I am not suggesting that such an attitude can be attributed to the current international furore over tax mitigation – on the contrary, such an attitude has been with us before this all started – and nor am I suggesting that this attitude is inculcated in the operational staff by the leadership at the top. In fact, I think that personal experience will bear out that the attitude of the more senior officials at the SARS is far more objective and reasonable than the attitude of operational staff lower down the line (and by “reasonable” I do not mean more lax, but rather more driven by reason as to what is legally correct or incorrect).
Regrettably, at the coal face, one has to deal with individuals whose technical tax knowledge is less than ideal, and whose experience is less than acceptable, and unfortunately it is very difficult to try and convince someone, who does not really understand the law, or commercial practice, that he or she is wrong in principle. Personally I would much rather deal with someone who is very knowledgeable and very skilled in the tax law, because such a person can very quickly understand the points I am making and whether I am correct, and likewise such a person can more easily convince me if I am wrong. But when one faces an individual who does not have a good understanding of the law and practical matters, it is nigh impossible to persuade that individual that the facts or the law favour the taxpayer. The inevitable result is an unfavourable assessment, or an unfavourable response to an objection to an assessment.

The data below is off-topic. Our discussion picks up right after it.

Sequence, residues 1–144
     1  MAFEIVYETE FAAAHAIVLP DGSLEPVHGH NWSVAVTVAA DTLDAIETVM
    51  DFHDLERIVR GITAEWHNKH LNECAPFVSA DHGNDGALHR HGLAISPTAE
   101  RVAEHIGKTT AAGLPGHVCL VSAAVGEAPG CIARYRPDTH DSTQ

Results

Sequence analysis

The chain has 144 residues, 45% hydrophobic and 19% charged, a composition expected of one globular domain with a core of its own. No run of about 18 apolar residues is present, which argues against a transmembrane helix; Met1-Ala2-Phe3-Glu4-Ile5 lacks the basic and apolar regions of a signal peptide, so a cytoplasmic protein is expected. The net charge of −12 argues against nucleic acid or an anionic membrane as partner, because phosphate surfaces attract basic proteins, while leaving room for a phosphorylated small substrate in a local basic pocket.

It would be interesting to know what percentage of objections are allowed before proceeding to the filing of appeals; and what percentage of appeals are ultimately conceded by the SARS and never get to court. Unfortunately, with the ADR (ie mediation) process, often matters are settled on some compromise basis, and it is not possible to determine whether, and to what extent, either party has settled simply to avoid the costs and inconvenience of litigation, as opposed to the situation where they are unsure of the soundness of their legal arguments.
This aspect is exacerbated, unfortunately, by the state of the Tax Courts in South Africa (a problem recognised both by taxpayers and the tax collector alike). The fact is that the Tax Court, although a specialised court dealing with fiscal matters, falls under the jurisdiction of the Judge President in each division, so that very often it is the most available High Court judge that sits in a tax case, rather than the most suitable. Ideally a Tax Court judge should himself or herself have an in-depth knowledge and understanding of fiscal laws. All too often the judges will admit from the bench that they know nothing about tax. In this scenario who can blame a taxpayer who wishes to avoid going to court? In any country any courtroom is often seen as a lottery. This is even more so in the case of Tax Courts in this country, so much so that there are some practitioners who view the appearance in the Tax Court as nothing more than one of the steps along the way until one can get to the Supreme Court of Appeal, where the issues will be properly aired and addressed for the first time.
Every country has its own problems. Maybe taxpayers in the UK and the USA do not face the difficulties we face here. But then, for the moment at any rate, our large companies can be thankful that they don’t face the kind of embarrassment and moral outrage which other large companies are facing in those other countries when dealing with their committees of Parliament